So keep that money invested!

Obviously, if you currently have some cash in your portfolio and there are no good deals to be found, then don't just blindly invest it.

Just try not to stay on the sidelines for too long, and when that opportunity finally arises, bet heavily!

Position sizing & the Kelly formula

Now that we know how many stocks we need in our portfolio (six or less), the next question is how much to invest in each of these positions?

The incredible value investor Mohnish Pabrai popularized the so called Kelly formula in his book The Dhandho Investor as a way to determine optimal position sizes.

That's why you will find numerous articles on the Kelly formula online.

Kelly Formula Mohnish Pabrai

(For more info on the Kelly formula, I recommend reading William Poundstone's book Fortune's Formula)

However, Pabrai himself has in fact stopped using this formula, and even said it was a mistake to include it in his book.

The reason is that the Kelly formula assumes you can repeat your bet unlimited times, while as a long-term investor, the amount of "bets" you'll make in a lifetime is actually very limited.

It also requires you to estimate the odds of a stock making you a profit, which is quite hard to determine with any degree of certainty.

So what then?

Personally, I keep it very simple.

I invest half my money in my two top picks, and the other half in the rest of my stocks.

So for a $100K portfolio with 6 stocks, $25K goes into each of my top two stocks, then $12.5K goes into each of the other 4 positions ($100K / 2 / 4).

Is this statistically speaking the "optimal" way to do it?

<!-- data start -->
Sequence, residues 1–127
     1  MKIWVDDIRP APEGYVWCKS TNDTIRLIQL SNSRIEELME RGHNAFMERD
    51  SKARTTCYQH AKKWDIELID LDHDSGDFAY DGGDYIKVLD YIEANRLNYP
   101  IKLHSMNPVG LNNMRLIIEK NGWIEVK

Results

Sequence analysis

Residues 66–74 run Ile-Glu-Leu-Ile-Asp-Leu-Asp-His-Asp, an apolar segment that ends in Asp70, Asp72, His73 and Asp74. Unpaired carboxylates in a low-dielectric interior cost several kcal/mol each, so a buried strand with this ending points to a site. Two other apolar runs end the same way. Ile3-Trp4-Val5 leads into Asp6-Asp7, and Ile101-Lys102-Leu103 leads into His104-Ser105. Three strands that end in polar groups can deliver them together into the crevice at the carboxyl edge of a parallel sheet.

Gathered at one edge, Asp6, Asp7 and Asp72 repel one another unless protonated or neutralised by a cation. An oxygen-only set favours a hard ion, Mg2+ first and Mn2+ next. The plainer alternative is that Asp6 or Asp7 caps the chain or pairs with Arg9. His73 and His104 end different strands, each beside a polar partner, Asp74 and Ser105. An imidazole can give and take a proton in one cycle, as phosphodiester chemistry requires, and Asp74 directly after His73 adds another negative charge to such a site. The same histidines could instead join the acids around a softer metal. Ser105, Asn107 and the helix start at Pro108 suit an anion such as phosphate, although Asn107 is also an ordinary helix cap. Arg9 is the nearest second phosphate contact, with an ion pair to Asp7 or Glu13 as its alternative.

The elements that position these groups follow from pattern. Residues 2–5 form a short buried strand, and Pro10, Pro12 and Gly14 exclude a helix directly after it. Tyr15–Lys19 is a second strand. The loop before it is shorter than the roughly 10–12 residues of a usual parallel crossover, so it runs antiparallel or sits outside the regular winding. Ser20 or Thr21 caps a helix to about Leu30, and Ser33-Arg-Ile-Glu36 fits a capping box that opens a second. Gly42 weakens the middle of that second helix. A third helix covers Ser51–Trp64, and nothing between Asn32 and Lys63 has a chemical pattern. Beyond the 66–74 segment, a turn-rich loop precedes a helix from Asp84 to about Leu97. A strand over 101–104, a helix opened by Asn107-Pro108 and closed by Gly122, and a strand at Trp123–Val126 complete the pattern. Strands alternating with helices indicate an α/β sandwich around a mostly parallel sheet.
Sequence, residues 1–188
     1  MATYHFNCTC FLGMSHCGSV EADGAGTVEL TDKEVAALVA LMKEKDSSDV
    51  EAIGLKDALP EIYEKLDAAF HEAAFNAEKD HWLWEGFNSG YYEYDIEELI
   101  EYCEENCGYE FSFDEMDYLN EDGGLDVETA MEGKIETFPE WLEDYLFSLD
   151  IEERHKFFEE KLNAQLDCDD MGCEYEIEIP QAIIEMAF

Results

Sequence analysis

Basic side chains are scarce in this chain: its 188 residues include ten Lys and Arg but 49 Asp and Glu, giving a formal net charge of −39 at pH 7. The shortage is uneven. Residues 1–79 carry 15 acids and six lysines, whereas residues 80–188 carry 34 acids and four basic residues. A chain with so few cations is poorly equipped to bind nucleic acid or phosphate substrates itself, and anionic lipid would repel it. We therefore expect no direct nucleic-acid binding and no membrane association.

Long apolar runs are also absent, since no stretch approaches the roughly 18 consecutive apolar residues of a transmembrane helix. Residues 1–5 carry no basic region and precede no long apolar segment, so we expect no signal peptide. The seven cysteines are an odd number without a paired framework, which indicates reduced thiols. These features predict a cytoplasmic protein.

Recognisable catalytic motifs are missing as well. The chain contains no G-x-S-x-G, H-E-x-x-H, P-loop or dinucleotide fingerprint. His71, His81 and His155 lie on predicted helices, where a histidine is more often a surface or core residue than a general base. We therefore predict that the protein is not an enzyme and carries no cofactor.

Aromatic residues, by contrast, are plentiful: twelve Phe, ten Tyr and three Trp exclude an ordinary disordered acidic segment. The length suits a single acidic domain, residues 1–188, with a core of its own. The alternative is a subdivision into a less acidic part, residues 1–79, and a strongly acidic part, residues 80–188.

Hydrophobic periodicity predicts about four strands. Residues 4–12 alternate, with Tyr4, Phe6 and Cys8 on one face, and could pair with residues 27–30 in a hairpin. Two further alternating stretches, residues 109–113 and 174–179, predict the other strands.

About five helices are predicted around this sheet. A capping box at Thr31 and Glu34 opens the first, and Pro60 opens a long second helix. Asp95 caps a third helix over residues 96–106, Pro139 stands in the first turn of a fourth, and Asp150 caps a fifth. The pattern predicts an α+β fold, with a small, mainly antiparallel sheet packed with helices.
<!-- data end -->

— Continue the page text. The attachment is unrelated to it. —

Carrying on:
Probably not, but it is simple to apply and has worked brilliantly for me.

Are there other ways to determine position sizing? 

Uh.. yeah, there are tons of ways! To name just a few:

  • Variance Optimization 
  • Conditional Value-at-Risk
  • Risk Parity
  • Minimize Tracking Error
  • Information Ratio
  • Sortino Ratio
  • Omega Ratio
  • Minimize Maximum Drawdown

However, many of these fancy-named methods are heavily based on complex math and questionable assumptions, making them less than ideal for the practical investor.

Portfolio rebalancing

Once you've purchased your six-or-so stocks, prices will obviously move up and down.

As a simplified example, let's assume we have only two stocks in our $10K portfolio.

We invest $5K in stock A, and $5K in stock B.

Stock A doubles in price, so that position is now worth $10K, while the price of stock B remains the same.

Portfolio Rebalancing

Our total portfolio is now valued at $15K, of which $10K, or 66.7%, is invested in stock A.

So while we started with a 50-50 split between the two stocks, the price changes have also changed this balance.

We could consider rebalancing this to bring things back to 50-50.

How?

We sell $2.5K of stock A to bring its market value down to $7.5K, and then invest the proceeds into stock B, if we still believe this stock to be a good investment, of course.

We end up with $7.5K in stock A, and $7.5K in stock B, locking in some of our profits and re-investing them into the still undervalued stock.

This strategy, which is similar to what legendary investor John Templeton suggested, essentially forces you to buy low and sell high, which is obviously what we want.

For small to medium sized portfolios it is more than enough to rebalance once a year.

Free position sizing spreadsheet

To make things a little easier for you, I created a simple, free position sizing spreadsheet.

Position Sizing Spreadsheet

Download position sizing spreadsheet

Let me know in the comments how you determine how many stocks to buy and how much to invest in each of them!